Juno bounced out of bed and turned on the radio. She all but dropped when out of it tinkled Judy Collins’s voice, singing Both Sides Now, one of Joni’s songs from Wildflowers. And her heart sank further when the DJ announced afterwards that the track was rapidly rising up the nationwide charts.




The first thing that came to pass was Jackson going away again. Barry had finally got Electra to part with money. He, Ned, Jackson and a bunch of Billy’s hungry roomers decamped to a mountain lodge the company had rented, in the middle of nowhere in Northern California. They took some technicians and an engineer with them, planning to record an album right there, real stripped-down, real removed from everything…

Juno’d got no time at all to miss Jackson before Cass said to her in early October, ‘Look, somebody gave me this!’ They were alone on Cass’s veranda, and even the leaves on the trees seemed to freeze as Cass produced a record from under her wicker chair. Juno knew right away that something had to be wrong. The album was Wildflowers, Judy Collins’s latest. ‘Funny, two of your songs are on here,’ Cass went on. ‘Says on the credits they’re written by a Joni… what was it, something… That your new stage name?’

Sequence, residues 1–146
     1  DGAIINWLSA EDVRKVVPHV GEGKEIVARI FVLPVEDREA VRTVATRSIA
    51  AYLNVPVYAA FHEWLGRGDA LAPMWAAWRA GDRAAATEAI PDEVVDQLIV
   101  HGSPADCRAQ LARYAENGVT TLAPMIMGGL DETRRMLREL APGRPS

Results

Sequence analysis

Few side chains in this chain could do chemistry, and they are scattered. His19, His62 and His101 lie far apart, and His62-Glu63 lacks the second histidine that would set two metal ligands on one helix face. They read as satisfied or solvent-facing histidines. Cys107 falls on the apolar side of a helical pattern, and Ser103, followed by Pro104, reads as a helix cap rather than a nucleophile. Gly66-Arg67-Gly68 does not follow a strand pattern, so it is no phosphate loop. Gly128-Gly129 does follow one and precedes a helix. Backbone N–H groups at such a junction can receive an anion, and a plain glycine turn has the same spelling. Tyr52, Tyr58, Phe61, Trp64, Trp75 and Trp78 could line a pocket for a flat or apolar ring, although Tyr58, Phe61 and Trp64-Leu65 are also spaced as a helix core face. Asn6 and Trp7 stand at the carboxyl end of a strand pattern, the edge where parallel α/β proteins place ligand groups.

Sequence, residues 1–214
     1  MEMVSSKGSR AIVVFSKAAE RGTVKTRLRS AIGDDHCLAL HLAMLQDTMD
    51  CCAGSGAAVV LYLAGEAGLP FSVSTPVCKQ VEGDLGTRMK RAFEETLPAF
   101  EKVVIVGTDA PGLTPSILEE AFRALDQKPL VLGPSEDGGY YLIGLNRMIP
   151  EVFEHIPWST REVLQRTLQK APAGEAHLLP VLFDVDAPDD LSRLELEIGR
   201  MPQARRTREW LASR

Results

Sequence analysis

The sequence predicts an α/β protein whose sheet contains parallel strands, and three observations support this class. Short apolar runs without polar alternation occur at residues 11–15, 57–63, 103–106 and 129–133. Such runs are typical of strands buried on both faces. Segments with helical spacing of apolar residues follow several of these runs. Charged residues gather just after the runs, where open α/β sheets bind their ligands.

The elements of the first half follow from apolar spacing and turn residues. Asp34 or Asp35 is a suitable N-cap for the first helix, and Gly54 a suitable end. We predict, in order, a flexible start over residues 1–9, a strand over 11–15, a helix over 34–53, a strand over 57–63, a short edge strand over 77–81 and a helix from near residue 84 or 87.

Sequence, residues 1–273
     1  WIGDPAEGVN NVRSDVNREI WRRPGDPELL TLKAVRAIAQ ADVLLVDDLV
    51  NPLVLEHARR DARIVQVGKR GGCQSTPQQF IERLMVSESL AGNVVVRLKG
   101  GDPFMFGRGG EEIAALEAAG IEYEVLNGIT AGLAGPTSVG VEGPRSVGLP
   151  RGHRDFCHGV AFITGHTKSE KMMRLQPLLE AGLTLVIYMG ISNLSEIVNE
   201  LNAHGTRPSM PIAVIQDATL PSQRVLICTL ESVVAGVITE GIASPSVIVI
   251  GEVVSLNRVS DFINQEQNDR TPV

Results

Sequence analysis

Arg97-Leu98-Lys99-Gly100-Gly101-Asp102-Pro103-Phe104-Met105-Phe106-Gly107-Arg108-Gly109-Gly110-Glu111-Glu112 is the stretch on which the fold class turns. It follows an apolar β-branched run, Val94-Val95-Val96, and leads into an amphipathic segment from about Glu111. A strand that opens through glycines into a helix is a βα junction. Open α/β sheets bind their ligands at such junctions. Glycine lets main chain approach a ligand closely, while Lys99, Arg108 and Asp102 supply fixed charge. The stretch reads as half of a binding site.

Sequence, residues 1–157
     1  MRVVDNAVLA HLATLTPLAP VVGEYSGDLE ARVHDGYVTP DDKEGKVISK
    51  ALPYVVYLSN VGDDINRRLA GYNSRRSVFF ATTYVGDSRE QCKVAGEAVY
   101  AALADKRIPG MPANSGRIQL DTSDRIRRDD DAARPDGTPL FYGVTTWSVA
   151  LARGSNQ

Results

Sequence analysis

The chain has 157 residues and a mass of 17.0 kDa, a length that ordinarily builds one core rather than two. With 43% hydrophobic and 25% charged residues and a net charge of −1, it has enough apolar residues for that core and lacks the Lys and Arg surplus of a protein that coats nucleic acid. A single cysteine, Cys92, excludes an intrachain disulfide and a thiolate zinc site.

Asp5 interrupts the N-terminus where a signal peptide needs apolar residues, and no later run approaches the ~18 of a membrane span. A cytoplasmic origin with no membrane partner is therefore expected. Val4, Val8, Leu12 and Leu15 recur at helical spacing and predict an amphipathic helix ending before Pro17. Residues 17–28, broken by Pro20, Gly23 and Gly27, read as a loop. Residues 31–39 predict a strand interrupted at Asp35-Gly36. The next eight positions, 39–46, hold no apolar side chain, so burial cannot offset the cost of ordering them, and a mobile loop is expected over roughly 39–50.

Bang. She’d lost Cass. Before Juno knew what she was doing she’d flung out the spell. Cass smiled at her. ‘Let’s go inside, sweetheart, and talk to the others some.’ She got up and held the fly screen open for Juno, all the while looking at her with eyes that said she had no idea Juno sang.